It's one thing I noticed from the first point is that there is no mention of the region or anything like that. It's more about the drink than anything else.

Yeah, most of the wines are organically certified and I don't even put the certification on the label. It's important, but it's not the focus. I mean, there are other people who make incredible wines, and they're all about this vineyard, with this block here. But it's not the focus (at Doom Juice).

So that idea of smashability - what is the secret to getting it?

A decent price point! We take a very small margin on pouring, so that's important, so people are going to have access to the wine, and it's not so expensive. That's one element. Also, just juiciness, so nothing too complex. We don't really do too much the wine to keep it pretty straight, there's not much added to it. I think that brings up that juiciness. Also, if you make we're gonna make it fun. make it different to what's out there.

So from here, where are you going to take it? What's next?

Obviously, we've got the new cellar door, but what we're hoping to do is actually start exporting. We'd love to get the wines into LA, Texas, New York, London, and Singapore. That's where we want to show these incredible wines internationally. We also want to keep finding the best wines from around Australia, working with winemakers and just constantly refining and making the products tastier and better for the customers. Ideally, I want us to be a recognisable, go-to wine label for entry-level natural wine.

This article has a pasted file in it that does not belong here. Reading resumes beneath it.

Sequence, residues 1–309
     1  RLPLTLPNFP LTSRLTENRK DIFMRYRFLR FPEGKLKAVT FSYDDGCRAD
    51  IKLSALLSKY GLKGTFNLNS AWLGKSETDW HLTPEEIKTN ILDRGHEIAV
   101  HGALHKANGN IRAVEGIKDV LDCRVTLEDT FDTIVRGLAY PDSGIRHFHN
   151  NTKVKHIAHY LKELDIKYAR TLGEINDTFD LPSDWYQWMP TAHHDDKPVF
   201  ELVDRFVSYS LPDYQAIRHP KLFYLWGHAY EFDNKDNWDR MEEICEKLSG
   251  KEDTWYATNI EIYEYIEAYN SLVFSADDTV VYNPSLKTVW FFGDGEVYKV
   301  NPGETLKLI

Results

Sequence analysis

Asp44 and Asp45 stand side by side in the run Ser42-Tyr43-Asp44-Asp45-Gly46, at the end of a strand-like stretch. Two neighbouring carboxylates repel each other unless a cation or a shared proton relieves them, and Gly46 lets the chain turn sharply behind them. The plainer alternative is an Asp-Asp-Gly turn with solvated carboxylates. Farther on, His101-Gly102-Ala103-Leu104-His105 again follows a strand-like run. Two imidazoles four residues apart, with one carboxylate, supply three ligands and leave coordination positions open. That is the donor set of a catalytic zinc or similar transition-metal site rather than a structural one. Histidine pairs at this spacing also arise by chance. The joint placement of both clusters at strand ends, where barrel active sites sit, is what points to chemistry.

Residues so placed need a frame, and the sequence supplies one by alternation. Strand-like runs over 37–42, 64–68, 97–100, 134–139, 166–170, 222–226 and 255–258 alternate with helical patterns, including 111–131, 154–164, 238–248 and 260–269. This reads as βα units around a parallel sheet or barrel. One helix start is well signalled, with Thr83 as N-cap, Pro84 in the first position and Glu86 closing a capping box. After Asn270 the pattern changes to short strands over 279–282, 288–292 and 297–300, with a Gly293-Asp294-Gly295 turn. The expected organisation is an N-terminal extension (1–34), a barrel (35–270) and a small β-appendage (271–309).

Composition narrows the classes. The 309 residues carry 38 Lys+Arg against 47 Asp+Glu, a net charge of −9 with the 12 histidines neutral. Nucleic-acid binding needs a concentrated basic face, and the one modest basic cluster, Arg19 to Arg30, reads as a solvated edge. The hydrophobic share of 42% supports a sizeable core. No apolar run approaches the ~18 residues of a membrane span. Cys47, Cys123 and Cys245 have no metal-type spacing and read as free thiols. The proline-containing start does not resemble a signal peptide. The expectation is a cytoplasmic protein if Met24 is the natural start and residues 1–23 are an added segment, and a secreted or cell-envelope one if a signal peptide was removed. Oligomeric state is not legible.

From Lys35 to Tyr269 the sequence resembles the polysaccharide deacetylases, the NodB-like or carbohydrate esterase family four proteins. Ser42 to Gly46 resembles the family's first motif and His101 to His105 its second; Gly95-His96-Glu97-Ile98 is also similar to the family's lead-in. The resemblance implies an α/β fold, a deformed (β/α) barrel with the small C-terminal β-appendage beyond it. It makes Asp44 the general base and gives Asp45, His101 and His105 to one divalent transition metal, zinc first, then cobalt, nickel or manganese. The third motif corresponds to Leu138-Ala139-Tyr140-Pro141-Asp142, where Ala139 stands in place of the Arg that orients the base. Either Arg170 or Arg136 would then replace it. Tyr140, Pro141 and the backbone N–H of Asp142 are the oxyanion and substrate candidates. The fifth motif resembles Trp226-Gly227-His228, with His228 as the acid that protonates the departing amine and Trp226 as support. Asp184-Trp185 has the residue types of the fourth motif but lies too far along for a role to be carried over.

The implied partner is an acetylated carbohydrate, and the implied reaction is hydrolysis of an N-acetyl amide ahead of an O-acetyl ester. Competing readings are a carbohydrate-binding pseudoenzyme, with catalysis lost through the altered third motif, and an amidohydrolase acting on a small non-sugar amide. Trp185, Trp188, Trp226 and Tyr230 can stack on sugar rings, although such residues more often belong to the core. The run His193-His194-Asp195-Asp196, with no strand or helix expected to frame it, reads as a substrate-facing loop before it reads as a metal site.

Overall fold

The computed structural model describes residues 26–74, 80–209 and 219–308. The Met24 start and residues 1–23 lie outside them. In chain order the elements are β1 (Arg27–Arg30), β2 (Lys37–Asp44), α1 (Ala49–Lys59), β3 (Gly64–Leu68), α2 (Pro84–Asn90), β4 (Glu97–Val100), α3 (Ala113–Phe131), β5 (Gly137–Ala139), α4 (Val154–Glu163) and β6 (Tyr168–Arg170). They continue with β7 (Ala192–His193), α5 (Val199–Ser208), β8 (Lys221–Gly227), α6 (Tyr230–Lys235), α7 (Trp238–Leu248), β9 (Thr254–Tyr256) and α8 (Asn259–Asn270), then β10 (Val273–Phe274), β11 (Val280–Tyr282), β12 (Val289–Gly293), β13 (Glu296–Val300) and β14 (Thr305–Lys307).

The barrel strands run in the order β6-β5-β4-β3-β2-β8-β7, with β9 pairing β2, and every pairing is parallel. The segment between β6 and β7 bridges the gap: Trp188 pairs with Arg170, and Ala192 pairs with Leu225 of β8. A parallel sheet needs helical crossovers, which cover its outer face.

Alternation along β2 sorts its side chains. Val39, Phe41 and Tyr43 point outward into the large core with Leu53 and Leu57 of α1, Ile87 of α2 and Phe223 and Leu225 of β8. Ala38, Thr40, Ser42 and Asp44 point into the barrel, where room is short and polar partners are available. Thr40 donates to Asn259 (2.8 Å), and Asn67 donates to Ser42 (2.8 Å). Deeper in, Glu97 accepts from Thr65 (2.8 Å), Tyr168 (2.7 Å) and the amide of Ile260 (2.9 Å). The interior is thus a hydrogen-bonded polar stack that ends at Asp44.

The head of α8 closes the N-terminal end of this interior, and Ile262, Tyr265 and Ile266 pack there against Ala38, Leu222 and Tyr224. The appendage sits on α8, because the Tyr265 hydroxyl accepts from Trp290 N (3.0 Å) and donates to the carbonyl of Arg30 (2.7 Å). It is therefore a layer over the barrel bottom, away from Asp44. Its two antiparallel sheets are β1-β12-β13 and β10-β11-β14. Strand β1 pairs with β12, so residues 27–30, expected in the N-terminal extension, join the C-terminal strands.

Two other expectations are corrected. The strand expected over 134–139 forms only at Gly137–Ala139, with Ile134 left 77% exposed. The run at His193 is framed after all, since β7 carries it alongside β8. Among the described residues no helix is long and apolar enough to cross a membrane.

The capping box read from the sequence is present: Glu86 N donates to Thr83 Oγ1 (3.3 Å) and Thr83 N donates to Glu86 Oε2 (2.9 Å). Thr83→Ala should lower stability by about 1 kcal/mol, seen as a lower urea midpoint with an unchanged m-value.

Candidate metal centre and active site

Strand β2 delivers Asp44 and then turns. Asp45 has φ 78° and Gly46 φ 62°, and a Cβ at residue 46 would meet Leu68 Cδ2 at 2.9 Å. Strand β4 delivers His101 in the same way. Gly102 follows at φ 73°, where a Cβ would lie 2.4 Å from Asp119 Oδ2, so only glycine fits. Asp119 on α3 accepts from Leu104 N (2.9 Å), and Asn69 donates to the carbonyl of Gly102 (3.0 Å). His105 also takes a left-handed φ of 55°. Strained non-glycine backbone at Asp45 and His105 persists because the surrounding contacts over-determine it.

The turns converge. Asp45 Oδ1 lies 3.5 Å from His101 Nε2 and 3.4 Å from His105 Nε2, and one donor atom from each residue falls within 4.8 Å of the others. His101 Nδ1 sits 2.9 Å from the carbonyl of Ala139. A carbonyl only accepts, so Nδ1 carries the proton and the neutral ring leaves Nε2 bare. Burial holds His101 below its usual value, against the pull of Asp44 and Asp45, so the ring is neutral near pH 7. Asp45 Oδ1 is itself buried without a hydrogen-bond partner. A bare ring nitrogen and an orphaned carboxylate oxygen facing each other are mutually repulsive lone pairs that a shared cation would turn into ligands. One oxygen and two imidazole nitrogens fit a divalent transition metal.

Nice, that's the elevator pitch!

Yeah, like with the whole craft beer revolution, where people will say, 'oh that's a good pale ale'. We want it to be like, 'oh, that is a good natural wine.'

Do you think having a quite simple range helps?

Yeah. So we have a core range, which is the screw top range. And then we have some of the wax tops wines which are more expensive. So it's like $29 retail (for the core range) and $36 for the other one. We want to make it simple as possible for people to understand and get around.

When you're going and talking into restaurants or anything like that, what's your USP?

Edgy, groovy, smashable tasty wines at great price points, which people know about.

There you go. That's perfect.

We could probably get it better. But then we also say here is a bunch of merch for the staff too. You know, Zach and I come from hospitality. We know what people like, and we know what they want. So (Doom Juice) has been designed as your first pour natural wine.

Discover the Doom Juice range on the Kaddy Marketplace.